Of the starting lineup that defeated England 15-24 at Twickenham on Saturday, seven had made fewer than 25 appearances for their country, and four of those fewer than 10. At the other end of the spectrum, six players boast more than 50 caps.
"Youthful enthusiasm is being tempered by the experienced guys that certainly have been there before," said Schmidt. "That blend is working quite well for us at the moment."
Ireland's players were crowned champions in the swirling London snow, claiming their country's third ever Grand Slam and first since 2009, in the process condemning England to its worst finish in the competition in 35 years.
Of the emerging stars of this Ireland team, Schmidt singled out winger Jacob Stockdale, who, with seven tries in this year's tournament, set a Six Nations record. Easy to forget that he's 21 -- "still a kid," in his coach's words.
"He's played every game, and he's done incredibly well and he's growing and learning," said Schmidt. "People take for granted that he hasn't played much rugby at this level, or even provincial level for that matter."
Around Stockdale was also a backline rich in experience -- the likes of Keith Earls on the opposite wing and Rob Kearney at full-back; the whole tournament could have taken a different narrative had Johnny Sexton not struck a wonderful, last-gasp drop goal in Paris on the first weekend.
The Grand Slam inevitably sees heads turn to next year's World Cup as Ireland climbs to second in the world rankings for the first time since 2015.
"It all depends on how we kick on," said captain Rory Best, who also starred in Ireland's 2009 Grand Slam.
"When you look especially at the younger players -- the way they've come in and not just fitted in but they want to just keep getting better. As long as they keep that mentality, the guys that are slightly older, if they keep that want to keep going forward that's all you can ask.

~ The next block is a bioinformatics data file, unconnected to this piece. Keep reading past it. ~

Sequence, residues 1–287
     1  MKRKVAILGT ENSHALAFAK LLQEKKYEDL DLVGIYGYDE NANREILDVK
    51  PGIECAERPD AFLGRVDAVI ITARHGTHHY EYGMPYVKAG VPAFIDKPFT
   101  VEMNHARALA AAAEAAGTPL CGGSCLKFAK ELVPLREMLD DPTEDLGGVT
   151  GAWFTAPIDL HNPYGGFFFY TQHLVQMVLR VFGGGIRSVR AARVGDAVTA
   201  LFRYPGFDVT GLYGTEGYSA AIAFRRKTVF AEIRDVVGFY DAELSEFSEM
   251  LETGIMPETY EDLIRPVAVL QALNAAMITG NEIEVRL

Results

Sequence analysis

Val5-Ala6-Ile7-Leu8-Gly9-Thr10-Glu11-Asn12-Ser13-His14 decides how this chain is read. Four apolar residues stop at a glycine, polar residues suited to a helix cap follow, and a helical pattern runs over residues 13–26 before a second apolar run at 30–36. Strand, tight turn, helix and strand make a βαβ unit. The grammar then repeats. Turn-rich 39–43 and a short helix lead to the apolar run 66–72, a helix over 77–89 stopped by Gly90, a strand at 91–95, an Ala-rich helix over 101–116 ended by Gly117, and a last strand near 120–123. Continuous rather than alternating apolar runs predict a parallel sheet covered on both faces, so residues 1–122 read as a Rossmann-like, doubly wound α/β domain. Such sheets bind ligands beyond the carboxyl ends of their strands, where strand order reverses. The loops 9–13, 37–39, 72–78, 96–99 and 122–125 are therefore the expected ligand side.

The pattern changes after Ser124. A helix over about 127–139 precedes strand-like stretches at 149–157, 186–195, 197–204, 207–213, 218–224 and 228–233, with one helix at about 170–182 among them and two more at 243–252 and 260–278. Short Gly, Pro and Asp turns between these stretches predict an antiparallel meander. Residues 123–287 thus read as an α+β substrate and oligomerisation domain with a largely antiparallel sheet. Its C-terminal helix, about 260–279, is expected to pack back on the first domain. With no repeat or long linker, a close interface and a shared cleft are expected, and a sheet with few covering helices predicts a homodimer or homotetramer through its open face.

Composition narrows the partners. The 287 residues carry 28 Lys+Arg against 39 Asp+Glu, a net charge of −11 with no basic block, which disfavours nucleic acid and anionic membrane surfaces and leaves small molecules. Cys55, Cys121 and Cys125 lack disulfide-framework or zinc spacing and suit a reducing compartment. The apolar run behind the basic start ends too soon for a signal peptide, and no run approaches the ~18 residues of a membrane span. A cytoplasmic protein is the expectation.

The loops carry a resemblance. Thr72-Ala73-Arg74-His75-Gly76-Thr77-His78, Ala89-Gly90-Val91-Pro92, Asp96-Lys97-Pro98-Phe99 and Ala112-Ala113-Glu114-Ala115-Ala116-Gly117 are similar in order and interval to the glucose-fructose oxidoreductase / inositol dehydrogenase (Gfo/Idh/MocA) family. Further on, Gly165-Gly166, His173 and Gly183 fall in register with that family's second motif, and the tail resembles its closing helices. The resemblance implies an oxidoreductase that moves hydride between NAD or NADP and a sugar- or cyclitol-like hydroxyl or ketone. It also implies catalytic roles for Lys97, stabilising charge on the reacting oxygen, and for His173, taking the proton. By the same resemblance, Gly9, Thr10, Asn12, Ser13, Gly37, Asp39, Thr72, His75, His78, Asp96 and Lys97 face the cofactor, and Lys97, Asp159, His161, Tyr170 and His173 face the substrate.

"We'll always want more because we're competitive and maybe a little bit greedy."
Schmidt jokes that Best, at the age of 35 and with 111 caps to his name, is "getting faster and faster on that Zimmer frame."
"We'll see how we go with that," he responds, when asked if the Ulsterman could lead Ireland into next year's World Cup.
England left soul-searching
Questions over Japan 2019 are happy ones for Irish fans; for England, which has lost three in a row for the first time since 2014, the post mortem is more testing after they finished fifth, above Italy.
England coach Eddie Jones, who had seen his side lose just once prior to this year's Six Nations, was keen to draw positives from a campaign which saw losses to Scotland and France as well as Ireland.
"Every team that I've had that's been a champion team has had a run like this," he said. "It's just about being instrumental in how you remake yourself.
"We've had to develop the internal part of the team, how our coaching staff and players work together, how our team must take more responsibility for the game ... We've made some really good development in those areas.
"For us it's been an enormously beneficial if not disappointing tournament because we're finding out how to be a better team."
Jones has kept no secrets about his desire to win next year's World Cup, and that task now appears taller than it did six weeks ago.
While Ireland mastered the balance of youth and experience, England struggled to find the right combination of players in the right areas, notably in the back-row and the midfield.
"Some guys have come in and done really well. Other guys are maybe going to struggle to participate in the future," said Jones.
"We have to get a greater depth to our squad. The depth to our squad is players who can play Test rugby."
Can a European team produce 'New Zealand performance'?
With Australia and South Africa struggling for form, Northern Hemisphere sides are likely to pose the biggest threat to New Zealand ahead of next year's World Cup.
Wales, Scotland and France, who occupied the middle spots of the Six Nations table, will take plenty of positives from recent performances.
France, in particular, written off by most on the eve of the tournament, got the better of England for the first time in the Six Nations since 2014 and was inches short of beating Ireland and Wales.
Scotland's tournament came to a close with an unconvincing, last-gasp win over struggling Italy, but the victory over England at Murrayfield, its best in recent years, will live long in the memory.
"The game against England was a great performance and a great win because of what it meant for the country, but having watched it a few times I know we could have been better," said coach Gregor Townsend.
"We know a lot of work has to go in over the next 18 months. Over the next 12 months to have a better championship, and then over 18 months to have a good World Cup."
"In terms of performances in games I don't think we have produced our New Zealand performance or our Australia performance, though for 60 minutes of the England game we were right up there."